WASHINGTON (Reuters) - U.S. Supreme Court justices expressed skepticism on Tuesday toward Tyson Foods Inc’s challenge to an almost $5.8 million class action judgment in a case that could buck the court’s recent pro-business trend in such disputes.
Conservative Justice Anthony Kennedy, who often casts the deciding vote in close cases before the nine-member court, and the four liberal justices appeared hostile to Tyson’s claims during a one-hour oral argument.
Tyson is appealing a jury verdict over claims that it underpaid workers at an Iowa pork facility.
Based on questions asked by the justices, the case is unlikely to lead to a ruling cutting back on class action litigation, a goal for a business community eager to rein in big-money payouts in such lawsuits.
Kennedy could hold the key vote in handing a possible narrow victory to the plaintiffs. Kennedy expressed concerns about Tyson’s legal strategy, telling attorney Carter Phillips at one point: “I just don’t understand your arguments.”
A ruling along the lines suggested by Kennedy’s questions likely would not have a broad impact on class actions in general because it would be limited to wage cases similar to this one.
The court is considering Tyson’s objection to the use of statistics to determine liability and damages. Critics in the business community describe such use of statistics as “trial by formula” that violates defendants’ due process rights, instead of assessing each claim individually for the more than 3,000 current and former employees who are suing.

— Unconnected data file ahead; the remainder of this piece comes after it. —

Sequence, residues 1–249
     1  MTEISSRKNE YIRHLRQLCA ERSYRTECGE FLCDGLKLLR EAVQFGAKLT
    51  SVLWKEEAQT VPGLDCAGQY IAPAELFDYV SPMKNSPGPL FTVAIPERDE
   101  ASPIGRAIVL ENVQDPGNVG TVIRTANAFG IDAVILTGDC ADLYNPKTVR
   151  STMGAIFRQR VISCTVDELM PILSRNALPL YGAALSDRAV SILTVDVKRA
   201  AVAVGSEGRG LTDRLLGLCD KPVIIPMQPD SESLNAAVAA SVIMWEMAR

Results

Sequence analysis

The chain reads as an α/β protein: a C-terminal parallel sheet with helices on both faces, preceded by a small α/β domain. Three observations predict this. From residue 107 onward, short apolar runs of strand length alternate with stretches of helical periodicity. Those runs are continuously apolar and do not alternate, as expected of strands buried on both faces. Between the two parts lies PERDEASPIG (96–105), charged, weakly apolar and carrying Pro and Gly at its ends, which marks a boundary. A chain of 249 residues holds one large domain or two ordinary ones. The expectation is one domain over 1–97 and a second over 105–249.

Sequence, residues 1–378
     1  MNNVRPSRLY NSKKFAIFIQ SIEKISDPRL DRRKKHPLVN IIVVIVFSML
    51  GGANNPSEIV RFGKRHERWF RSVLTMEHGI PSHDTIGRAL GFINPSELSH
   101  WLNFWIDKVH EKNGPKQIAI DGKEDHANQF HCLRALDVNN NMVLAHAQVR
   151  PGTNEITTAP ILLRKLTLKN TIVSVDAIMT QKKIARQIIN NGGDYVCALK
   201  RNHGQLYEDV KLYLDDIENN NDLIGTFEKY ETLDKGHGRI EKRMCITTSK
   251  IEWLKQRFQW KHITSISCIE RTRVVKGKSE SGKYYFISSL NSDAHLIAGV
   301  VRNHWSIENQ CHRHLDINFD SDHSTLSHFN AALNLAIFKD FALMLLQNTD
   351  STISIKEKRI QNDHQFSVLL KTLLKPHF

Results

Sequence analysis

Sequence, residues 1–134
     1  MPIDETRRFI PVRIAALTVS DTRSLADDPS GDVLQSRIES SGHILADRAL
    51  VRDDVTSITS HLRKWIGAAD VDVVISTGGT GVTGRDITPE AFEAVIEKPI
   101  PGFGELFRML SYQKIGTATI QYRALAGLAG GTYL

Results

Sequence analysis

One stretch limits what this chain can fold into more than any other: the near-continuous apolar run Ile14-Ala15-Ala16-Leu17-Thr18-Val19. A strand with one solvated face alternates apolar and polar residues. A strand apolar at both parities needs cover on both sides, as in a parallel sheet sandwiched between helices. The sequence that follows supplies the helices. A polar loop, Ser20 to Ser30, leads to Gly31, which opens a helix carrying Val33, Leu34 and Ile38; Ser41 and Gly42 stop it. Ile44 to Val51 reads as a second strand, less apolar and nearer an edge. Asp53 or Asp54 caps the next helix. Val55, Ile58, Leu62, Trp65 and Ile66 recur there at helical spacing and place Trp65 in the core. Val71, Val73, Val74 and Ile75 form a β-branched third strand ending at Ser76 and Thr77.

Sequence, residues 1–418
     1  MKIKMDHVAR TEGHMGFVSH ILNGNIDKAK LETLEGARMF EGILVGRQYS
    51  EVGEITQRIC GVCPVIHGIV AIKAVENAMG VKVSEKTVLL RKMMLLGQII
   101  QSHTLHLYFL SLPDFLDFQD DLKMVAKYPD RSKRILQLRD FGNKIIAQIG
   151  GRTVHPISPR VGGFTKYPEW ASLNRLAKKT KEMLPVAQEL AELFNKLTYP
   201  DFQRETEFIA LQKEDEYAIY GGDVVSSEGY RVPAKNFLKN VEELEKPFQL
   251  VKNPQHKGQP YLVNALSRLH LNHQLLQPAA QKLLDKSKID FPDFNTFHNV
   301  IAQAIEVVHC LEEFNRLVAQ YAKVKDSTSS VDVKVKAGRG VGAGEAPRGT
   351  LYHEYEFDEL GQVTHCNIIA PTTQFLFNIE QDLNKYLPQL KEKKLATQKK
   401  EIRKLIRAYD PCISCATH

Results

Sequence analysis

Workers at the meat-processing facility, which employs around 1,300 people, sued in 2007, claiming they were entitled to overtime pay and damages because they were not paid for time spent putting on and taking off protective equipment and walking to work stations.
The ruling could turn on a 1946 Supreme Court precedent that said plaintiffs can rely on averages in such situations to determine claims under the federal Fair Labor Standards Act.
Kennedy indicated a willingness to rule for the plaintiffs on that point. But he said without that precedent, “it would be a much closer, more difficult case.”
Liberal Justice Ruth Bader Ginsburg questioned Tyson’s assertion that the workers should not be treated as a class because they had to wear different safety gear depending on their job, saying no “wide disparity” existed in such gear.
Although some workers, including those charged with using knives, had different equipment, all employees had to wear hard hats, ear protection and boots, Ginsburg said.
Conservative Chief Justice John Roberts, appearing more sympathetic to Tyson, highlighted the fact that jurors awarded less in damages than the plaintiffs’ expert had suggested.
“The fact that the jury did not give you the damages sought seems to me to call into question the significance of the statistics,” Roberts told the plaintiffs’ lawyer, David Frederick.
The jury found in favor of the plaintiffs following a trial in a federal district court in Iowa in 2011. The 8th U.S. Circuit Court of Appeals upheld the judgment in 2014.
The Tyson dispute is one of three class action cases the court is hearing in its current term. The conservative-leaning court has cut back on class actions in a series of rulings in recent years, including high-profile wins for Wal Mart Stores Inc and Comcast Corp.
The court last week heard arguments in a case involving a class action suit against online search company Spokeo Inc.
Last month, it heard arguments related to a class action suit against advertising agency Campbell-Ewald Co.
Rulings in all three cases are due by the end of June.
The case the court heard on Tuesday is Tyson Foods Inc v. Bouaphakeo, U.S. Supreme Court, No. 14-1146.
Reporting by Lawrence Hurley; Editing by Will Dunham